Cambridge Pixel Newsletter
Radar Processing and Display 
In This Issue
New HPx-200 Radar Input
Windows 7 and VS-2010 Support
COTS Journal
Tech Corner
Quick Links to our Web site 
Issue: 11 May 2011
New HPx-200 Radar Input Card
Expanded Radar Interfacing Options
Cambridge Pixel's new radar interface card, HPx-200, expands the options for interfacing to commercial and military primary hpx-200-smallradar systems. The new card is form-fit-function compatible with the established HPx-100 card and for most situations will be a direct replacement. The card is fully supported with Cambridge Pixel's SPx library, SPx Server and RadarView.
New capabilities of the HPx-200 include expanded interfacing capabilities allowing RS422, opto-coupled or software configurable signal thresholds to be set. An optional end-of-range signal is now supported, allowing video returns to be truncated on receipt of a signal. The card also features increased resolution to 12 bit sampling and the option to capture two 8-bit videos simultaneously.
Read a data sheet for the HPx-200 here.  
Expanded Windows Support in SPx Development


The SPx Development software is now fully supported under Windows 7 operating system and we are still supporting XP and Vista. In addition, we are now (V1.39)


supporting Microsoft's Visual Studio 2010 dev


elopment platform for those developers wishing to upgrade from VS-2005 and VS-2008. 


As always, SPx Developers with an active license can upgrade free-of-charge to the latest SPx software release. Contact Cambridge Pixel for details.




RadarView Map Display Enhancements

RadarView Gets Map Display Feature Enhancements


RadarView, Cambridge Pixel's PC-based radar visualisation software, has been enhanced to subusan2pport a built-in vector map as an underlay to the radar video. This map database provides full world coverage with a 40m resolution and is available as standard with all versions of RadarView. Multiple layers of radar video may be scan converted and blended with the map.
We are in final stages of testing the latest set of RadarView display enhancements which will include AIS target display. This will allow RadarView to display primary radar video, primary plots, tracks and secondary-derived AIS or ADS-B overlays.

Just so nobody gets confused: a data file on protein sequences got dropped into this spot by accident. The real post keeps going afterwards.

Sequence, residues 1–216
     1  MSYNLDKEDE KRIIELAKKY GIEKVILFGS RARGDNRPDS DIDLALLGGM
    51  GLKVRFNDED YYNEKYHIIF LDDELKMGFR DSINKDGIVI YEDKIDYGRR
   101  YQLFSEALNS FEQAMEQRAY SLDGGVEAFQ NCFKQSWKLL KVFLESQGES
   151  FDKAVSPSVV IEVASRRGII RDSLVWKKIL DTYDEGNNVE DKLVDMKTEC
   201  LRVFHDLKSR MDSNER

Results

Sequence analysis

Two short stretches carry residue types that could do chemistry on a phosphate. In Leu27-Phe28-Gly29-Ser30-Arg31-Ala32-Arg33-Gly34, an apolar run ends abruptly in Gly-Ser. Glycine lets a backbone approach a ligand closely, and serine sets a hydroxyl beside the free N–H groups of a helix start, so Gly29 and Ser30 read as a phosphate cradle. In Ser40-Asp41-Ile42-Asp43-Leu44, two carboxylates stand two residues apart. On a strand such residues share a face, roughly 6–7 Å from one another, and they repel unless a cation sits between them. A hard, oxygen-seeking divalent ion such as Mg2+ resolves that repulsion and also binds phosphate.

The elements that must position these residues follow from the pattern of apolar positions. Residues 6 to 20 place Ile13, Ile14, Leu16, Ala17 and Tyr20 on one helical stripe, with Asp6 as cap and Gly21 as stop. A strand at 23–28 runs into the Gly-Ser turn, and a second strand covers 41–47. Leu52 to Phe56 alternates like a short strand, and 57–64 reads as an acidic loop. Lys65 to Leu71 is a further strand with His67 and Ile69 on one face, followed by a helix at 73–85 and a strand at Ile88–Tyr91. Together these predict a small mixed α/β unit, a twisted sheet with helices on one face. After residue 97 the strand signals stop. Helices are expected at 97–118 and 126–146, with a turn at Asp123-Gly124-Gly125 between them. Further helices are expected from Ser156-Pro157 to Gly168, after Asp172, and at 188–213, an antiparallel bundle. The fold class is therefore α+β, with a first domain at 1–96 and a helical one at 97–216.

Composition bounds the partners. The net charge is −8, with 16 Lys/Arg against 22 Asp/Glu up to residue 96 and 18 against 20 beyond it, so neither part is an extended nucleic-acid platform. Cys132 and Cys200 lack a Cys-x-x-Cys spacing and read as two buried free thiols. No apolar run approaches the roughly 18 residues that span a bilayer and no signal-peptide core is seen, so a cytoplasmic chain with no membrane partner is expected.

COTS Journal Article


In this month's COTS Journal (May 2011), Cambridge Pixel's David Johnson describes how a modern cots-journalopen-systems approach to radar display system provides significant cost savings for naval command and control displays.


By using general purpose hardware and a flexible open software structure that is open to change, systems integrators can develop advanced, flexible real-time radar displays while reducing lifetime costs.


Read the full article here

Tech Notes - From Recent Technical Support Issues

tech banner
Multicast network distribution
A radar or video distribution system using standard Ethernet networks offers a very cost-effective solution for distribution of sensor data. If data is sent using multicast distribution, many client displays can receive distributed data without a per-client network load. However, multicast distribution is not as easy as it first seems. Consideration and care must be given to the selection of a network switch that allows clients to request receipt of selected multicast groups.  The switch is then responsible for selective transmission of multicast packets to clients that have requested them. Each server will be sending its data to the switch and the switch only delivers the packets to those clients that have made an IGMP subscribe to the multicast address. With a properly configured switch and server/client software that properly respects the multicast protocols, the resulting network is extremely efficient, with clients only receiving data that they are interested in, yet with the ability to change their subscription in real-time.

Marketing department
Cambridge Pixel